]. Furthermore, international recommendations should be clarified if we wish to increase preventive coverage, and the notion of starting supplementation from the beginning of attempts to conceive should be replaced by starting at least one month before conception.
Our findings point to poorer adherence to WHO recommendations [8
] in France than in some other European countries. For instance, in the Netherlands, studies have shown better adherence to recommendations, with self-report data from questionnaires indicating adherence of 37% to 51.6% in the preconceptional period [19
]. However, the prevalence of NTDs in the Netherlands increased from 0.88 to 1.4/1000 pregnancies between 2006 and 2016 [1
]. In Ireland [21
], self-report questionnaires indicate that periconceptional adherence decreased from 45.1% in 2009 to 43.1% in 2013 (n
= 42,042), with a parallel sharp increase in the prevalence of NTDs from 0.59 to 1.31/1000 pregnancies from 2006 to 2016 [1
]. These results raise the question of the validity of the rates of adherence self-reported by patients and/or of the efficacy of prevention by folic acid in these populations. Belgium is the only country to have recorded a large drop in the rate of NTDs since the WHO recommendations, from 1.31 to 0.71/1000 pregnancies between 2006 and 2016 [1
]. In a Belgian study [22
], 41.2% of the women included (n
= 1311) reported having taken preconceptional supplementation and 61% had a first-trimester blood folate concentration above 400 ng/mL, in line with WHO recommendations [23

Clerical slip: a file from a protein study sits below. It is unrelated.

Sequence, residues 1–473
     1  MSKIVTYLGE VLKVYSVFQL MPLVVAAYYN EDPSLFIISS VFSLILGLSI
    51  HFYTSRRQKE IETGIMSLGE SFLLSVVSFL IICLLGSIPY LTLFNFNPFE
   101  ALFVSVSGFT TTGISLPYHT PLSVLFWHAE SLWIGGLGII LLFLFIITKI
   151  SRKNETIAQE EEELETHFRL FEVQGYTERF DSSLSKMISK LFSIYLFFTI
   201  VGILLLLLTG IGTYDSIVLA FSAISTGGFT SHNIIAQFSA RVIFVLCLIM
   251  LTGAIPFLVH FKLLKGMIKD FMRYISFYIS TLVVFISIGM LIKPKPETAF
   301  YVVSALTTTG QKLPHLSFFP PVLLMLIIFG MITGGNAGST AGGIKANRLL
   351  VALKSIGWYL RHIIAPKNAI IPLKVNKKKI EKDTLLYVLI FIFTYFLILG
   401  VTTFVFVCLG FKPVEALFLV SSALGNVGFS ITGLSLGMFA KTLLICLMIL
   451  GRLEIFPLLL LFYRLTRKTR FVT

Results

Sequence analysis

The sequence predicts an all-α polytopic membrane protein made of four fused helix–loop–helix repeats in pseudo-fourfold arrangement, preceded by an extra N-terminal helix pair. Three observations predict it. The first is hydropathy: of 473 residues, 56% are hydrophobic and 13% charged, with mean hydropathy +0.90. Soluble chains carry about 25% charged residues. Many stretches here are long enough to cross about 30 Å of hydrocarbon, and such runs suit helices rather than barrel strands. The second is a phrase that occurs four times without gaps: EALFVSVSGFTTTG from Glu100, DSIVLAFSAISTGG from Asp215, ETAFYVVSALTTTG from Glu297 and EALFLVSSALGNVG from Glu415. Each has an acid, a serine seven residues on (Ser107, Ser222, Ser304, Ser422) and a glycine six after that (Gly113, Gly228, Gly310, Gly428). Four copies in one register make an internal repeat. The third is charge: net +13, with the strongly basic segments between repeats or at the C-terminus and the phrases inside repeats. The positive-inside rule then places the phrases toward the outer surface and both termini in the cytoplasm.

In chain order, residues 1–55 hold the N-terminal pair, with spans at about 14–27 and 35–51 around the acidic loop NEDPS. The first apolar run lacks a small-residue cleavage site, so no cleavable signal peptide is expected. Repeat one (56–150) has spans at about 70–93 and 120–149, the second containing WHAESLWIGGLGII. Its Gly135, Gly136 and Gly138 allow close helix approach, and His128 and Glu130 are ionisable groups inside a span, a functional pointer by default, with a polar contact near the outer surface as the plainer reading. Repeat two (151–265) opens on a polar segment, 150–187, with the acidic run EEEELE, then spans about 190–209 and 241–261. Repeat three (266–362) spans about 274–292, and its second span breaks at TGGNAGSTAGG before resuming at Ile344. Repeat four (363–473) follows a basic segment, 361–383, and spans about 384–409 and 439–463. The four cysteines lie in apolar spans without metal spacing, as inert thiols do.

]. These figures suggest that adherence to WHO recommendations can significantly reduce the prevalence of NTDs in the general population [22
], even in the absence of folic acid fortification of foods, notably flour.
The recommended preventive measures by means of folic acid supplementation in women planning a pregnancy therefore seem generally insufficient or ineffective in most European countries. The prevalence of NTDs in Europe did not decrease between 2006 and 2016, with respective rates of 1.14/1000 and 1.32/1000 pregnancies [1
]. Outside Europe, the failure of supplementation has led 59 countries to mandate folic acid fortification of flour [24
]. This has led to a significant reduction in NTDs in all those countries [9
]. For example, the incidence of NTDs has decreased in the USA and Canada from, respectively, 1.07 to 0.7 and 1.58 to 0.86 NTDs per 1000 live births [25
]. Also in the USA and Canada, the population blood folate concentration rose after fortification [27
The socioeconomic status has been reported as strongly associated with NTDs prevalence, thus questioning the actual contribution of food folate fortification in several countries [28
]. However, mandatory fortification can be considered one of the most effective and cost-effective public health measures to date: the estimated annual economic gain in the USA is 603 million dollars [31
]. In France, the estimated annual cost of adequate folic acid supplementation in the whole population is 14.5 million euros. This cost should be balanced against the cost of caring for the disabled, which over 70 years of life is estimated as 3.3 million euros per person.
Folic acid fortification is currently not in force in any EU countries [11
]. This reluctance is perhaps linked to suspicion of side effects associated with folic acid supplementation or to the costs generated by these public health measures. Nonetheless, a putative association between folic acid and colorectal cancer has been rebutted [32
], and the risks of masked vitamin B12 deficiency do not concern pregnant women at the doses used [32
]. So, in view of these reassuring data, the Scientific Advisory Committee on Nutrition in the UK in 2019 supported the mandatory fortification of flour with folic acid, i.e., the legal requirement to add folic acid to flour, a measure which at the time of writing has not been implemented by the British government [33